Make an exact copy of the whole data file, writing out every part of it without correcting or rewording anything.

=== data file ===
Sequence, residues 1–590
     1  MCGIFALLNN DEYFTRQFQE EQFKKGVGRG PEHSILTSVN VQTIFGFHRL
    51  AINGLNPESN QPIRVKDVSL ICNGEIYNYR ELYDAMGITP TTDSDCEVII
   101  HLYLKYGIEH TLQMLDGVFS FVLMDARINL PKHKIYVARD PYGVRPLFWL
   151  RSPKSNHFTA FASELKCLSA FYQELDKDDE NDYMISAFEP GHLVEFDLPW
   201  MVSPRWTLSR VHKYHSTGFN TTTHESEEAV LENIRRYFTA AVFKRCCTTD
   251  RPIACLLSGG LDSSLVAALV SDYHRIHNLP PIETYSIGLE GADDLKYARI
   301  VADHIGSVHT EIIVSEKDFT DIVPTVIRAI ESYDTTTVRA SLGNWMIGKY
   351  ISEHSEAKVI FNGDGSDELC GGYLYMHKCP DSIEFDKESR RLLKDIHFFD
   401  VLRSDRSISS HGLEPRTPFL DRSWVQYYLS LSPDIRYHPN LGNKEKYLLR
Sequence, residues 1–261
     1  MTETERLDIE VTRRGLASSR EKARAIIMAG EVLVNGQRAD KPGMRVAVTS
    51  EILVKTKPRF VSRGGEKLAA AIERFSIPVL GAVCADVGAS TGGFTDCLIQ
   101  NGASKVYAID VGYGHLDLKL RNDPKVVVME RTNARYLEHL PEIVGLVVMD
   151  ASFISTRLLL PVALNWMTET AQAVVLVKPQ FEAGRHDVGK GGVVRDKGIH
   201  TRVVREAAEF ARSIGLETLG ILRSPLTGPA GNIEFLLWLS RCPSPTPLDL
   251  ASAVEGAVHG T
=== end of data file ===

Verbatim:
Sequence, residues 1–590
     1  MCGIFALLNN DEYFTRQFQE EQFKKGVGRG PEHSILTSVN VQTIFGFHRL
    51  AINGLNPESN QPIRVKDVSL ICNGEIYNYR ELYDAMGITP TTDSDCEVII
   101  HLYLKYGIEH TLQMLDGVFS FVLMDARINL PKHKIYVARD PYGVRPLFWL
   151  RSPKSNHFTA FASELKCLSA FYQELDKDDE NDYMISAFEP GHLVEFDLPW
   201  MVSPRWTLSR VHKYHSTGFN TTTHESEEAV LENIRRYFTA AVFKRCCTTD
   251  RPIACLLSGG LDSSLVAALV SDYHRIHNLP PIETYSIGLE GADDLKYARI
   301  VADHIGSVHT EIIVSEKDFT DIVPTVIRAI ESYDTTTVRA SLGNWMIGKY
   351  ISEHSEAKVI FNGDGSDELC GGYLYMHKCP DSIEFDKESR RLLKDIHFFD
   401  VLRSDRSISS HGLEPRTPFL DRSWVQYYLS LSPDIRYHPN LGNKEKYLLR
Sequence, residues 1–261
     1  MTETERLDIE VTRRGLASSR EKARAIIMAG EVLVNGQRAD KPGMRVAVTS
    51  EILVKTKPRF VSRGGEKLAA AIERFSIPVL GAVCADVGAS TGGFTDCLIQ
   101  NGASKVYAID VGYGHLDLKL RNDPKVVVME RTNARYLEHL PEIVGLVVMD
   151  ASFISTRLLL PVALNWMTET AQAVVLVKPQ FEAGRHDVGK GGVVRDKGIH
   201  TRVVREAAEF ARSIGLETLG ILRSPLTGPA GNIEFLLWLS RCPSPTPLDL
   251  ASAVEGAVHG T